ii. most lute/vihuela pieces stay close to first position, but for those that stray up the neck, most people find it easier to make a 2 fret adjustment as they read, and learn, up away from the capo, that a 3 fret adjustment.

Lastly, the whole point about key is a red herring in the sense that while we now use the notation G lute as a standard assumption and reference, in practice for a renaissance musician, they would not have cared in the slightest, using a higher or lower pitched instrument, for example for singing to, as suited them. So they were not thinking of key or pitch in an absolute sense, not least that in the absence of tuning forks or other fixed pitch references, actual pitch must have varied greatly. Oh and even if it was about pitch, which it isn't, the usual notion would be that in those days fixed pitch instruments like organs, woodwind etc, would have been about a semi-tone or so lower than 440 - but that's a large, complicated and contentious question, so fortunately it doesn't actually matter!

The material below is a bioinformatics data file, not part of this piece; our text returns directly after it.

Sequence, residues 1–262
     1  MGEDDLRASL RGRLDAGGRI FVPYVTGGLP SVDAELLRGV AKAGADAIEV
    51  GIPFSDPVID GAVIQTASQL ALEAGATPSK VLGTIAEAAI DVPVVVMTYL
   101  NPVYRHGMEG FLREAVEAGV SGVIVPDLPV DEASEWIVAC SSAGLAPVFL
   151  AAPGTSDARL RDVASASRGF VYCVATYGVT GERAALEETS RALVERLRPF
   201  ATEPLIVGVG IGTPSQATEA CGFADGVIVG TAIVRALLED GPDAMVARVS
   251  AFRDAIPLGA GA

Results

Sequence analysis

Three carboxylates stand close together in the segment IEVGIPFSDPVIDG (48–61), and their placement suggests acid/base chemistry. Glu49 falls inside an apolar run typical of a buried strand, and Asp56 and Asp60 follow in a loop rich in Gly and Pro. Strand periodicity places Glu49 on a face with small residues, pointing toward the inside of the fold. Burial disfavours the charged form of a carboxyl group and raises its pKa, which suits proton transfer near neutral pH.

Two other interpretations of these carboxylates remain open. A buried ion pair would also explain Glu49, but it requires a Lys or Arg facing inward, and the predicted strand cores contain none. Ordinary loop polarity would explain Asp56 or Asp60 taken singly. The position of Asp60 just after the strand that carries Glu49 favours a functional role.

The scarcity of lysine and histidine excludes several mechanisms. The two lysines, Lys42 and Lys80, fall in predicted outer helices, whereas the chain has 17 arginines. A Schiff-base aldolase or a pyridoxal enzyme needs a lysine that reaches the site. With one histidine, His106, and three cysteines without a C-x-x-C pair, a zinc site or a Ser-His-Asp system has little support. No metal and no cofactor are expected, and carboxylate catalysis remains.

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Re: Music from the Renaissance: On Capos, Keys, and Curious Choices

Post by Altophile » Tue Jul 18, 2017 10:24 am

Thank you all for your thoughtful comments. I certainly agree that it would be impractical to arrange some more complex pieces from the Renaissance into different keys. However, some pieces lend themselves to this pretty nicely, and there can be good reasons for doing so, IMO.

I understand the desire to bring greater precision to the dialogue, but all of my guitar instructors taught me that putting a capo on the third fret of the guitar would cause the piece to "sound" in the same key as the lute. This may not be precisely correct musicologically, but I've noticed that when I put a capo on the 3rd fret, a piece will sound the same "key-wise" as the same piece performed by a modern lutenist, whereas if I omit the capo then it sounds lower than it does on the modern lute.